We all know that helping others and giving back to our communities is a valuable and fulfilling duty we have as human beings. Unfortunately, many of us cannot seem to find the time in our busy schedules to volunteer at a soup kitchen or nursing home, or take the time to pitch in during community-hosted events. But did you know that there is a way for you to save up to three lives just by sacrificing 45 minutes a day every couple months? There is – by giving blood.
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Shortage of blood has proven to be a major issue in hospitals all across the United States. In Alabama alone, approximately 14,000 units of blood are imported to the state annually because not enough blood is collected in Alabama to meet our hospital’s demands. Nationally, only 5% of eligible donors give blood. In Alabama, only 3% donate.
There is now a way for Auburn University students to donate blood on their very own campus. Once a semester, the Auburn SGA teams with the Lee County Red Cross to host a two-day blood drive. This year’s blood drive will be held Wednesday, April 13, and Thursday, April 14, from 10 a.m. to 4 p.m. in the Student Center ballroom.
Meg Ross, the 2010-2011 SGA director of blood drives, says that this year’s goal is to collect at least 107 units of blood, which can only be accomplished if students take the time to come out and donate.
“All presenting donors will be entered to win two round-trip Delta Airline tickets as well as an ipod shuffle,” said Ross. “It’s a great way to give back to the community and save lives.”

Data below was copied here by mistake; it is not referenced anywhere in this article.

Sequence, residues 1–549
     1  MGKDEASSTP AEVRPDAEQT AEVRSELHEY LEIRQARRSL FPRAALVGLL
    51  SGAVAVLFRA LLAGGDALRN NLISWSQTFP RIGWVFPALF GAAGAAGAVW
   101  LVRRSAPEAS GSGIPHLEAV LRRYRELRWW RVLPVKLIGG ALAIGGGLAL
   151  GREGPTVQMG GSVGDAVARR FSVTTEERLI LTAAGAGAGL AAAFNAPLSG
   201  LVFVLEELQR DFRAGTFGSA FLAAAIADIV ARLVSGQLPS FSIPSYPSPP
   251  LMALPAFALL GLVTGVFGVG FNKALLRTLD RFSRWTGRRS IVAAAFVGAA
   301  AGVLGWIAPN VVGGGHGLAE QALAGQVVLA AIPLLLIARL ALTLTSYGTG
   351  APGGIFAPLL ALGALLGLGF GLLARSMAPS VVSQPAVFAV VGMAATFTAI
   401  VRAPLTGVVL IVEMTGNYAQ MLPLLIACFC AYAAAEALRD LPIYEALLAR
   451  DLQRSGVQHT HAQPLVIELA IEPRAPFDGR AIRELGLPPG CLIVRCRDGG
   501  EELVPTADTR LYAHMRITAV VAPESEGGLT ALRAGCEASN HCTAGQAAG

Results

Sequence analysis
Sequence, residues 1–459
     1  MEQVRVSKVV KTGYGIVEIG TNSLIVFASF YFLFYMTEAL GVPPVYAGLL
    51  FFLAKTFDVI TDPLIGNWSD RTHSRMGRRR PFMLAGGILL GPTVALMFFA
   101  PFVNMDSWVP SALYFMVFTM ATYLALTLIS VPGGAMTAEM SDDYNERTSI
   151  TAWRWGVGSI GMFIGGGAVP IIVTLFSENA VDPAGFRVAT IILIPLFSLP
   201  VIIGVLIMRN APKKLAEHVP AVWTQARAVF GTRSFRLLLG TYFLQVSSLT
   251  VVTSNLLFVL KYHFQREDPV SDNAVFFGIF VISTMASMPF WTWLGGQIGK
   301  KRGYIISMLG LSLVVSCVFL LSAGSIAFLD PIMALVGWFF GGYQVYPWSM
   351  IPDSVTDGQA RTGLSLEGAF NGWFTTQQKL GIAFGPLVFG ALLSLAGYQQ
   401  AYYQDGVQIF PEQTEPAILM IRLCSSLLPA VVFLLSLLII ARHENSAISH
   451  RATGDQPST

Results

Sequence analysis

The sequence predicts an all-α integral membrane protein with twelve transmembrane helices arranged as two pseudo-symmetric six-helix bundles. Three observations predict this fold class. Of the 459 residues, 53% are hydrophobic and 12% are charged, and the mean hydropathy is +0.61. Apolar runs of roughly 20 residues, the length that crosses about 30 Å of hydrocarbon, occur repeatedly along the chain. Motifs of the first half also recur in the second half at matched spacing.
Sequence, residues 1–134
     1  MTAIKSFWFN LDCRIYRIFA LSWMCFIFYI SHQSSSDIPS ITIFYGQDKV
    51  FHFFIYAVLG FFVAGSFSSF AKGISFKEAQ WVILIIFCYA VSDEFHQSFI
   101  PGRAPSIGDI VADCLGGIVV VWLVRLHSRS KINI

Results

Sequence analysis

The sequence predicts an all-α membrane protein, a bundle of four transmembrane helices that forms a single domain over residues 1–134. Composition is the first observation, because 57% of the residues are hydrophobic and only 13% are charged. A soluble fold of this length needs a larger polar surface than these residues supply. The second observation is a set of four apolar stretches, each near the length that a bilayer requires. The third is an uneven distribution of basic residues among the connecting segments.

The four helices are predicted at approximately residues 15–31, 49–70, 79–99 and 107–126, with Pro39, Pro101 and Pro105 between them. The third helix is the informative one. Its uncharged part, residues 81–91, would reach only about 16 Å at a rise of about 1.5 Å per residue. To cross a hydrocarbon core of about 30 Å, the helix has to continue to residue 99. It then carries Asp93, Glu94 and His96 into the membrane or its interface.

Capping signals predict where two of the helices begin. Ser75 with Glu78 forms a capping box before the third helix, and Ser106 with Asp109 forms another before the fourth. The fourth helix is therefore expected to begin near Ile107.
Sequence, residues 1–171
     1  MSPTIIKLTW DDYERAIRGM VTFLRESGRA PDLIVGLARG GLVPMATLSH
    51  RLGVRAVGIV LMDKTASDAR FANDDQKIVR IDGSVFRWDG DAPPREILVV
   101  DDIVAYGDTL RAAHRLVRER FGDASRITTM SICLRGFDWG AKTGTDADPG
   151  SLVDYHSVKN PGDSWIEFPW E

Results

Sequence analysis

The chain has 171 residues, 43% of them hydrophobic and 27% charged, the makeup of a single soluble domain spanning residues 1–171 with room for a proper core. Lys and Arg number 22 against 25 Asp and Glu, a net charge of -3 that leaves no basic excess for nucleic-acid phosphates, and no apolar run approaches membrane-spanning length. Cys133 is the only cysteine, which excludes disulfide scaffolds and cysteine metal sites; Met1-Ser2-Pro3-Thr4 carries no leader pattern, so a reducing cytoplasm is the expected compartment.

Despite common misconceptions, certain blood types are not considered more valuable than others; all types are in high demand. Common blood types are always needed, since a large percentage of the population has them.
Rarer blood types are also needed; O-negative individuals are considered “universal donors,” since anyone can take O-negative blood while those with O-negative can only take their own type. The rarest blood type is AB-negative, which only 1% of the population possesses.
Anyone in good health who is at least 17 years old and weights more than 110 pounds is eligible to donate blood every 56 days. In addition to the SGA-hosted blood drives, the Lee County Alabama chapter of the Red Cross hosts a monthly blood drive the first Wednesday of each month from 12-6 p.m. at 206 26th St. in Opelika. No appointment is needed, and the blood collected is distributed to hospitals in the Alabama and Gulf Coast Region. For more information on the donation process, visit this link.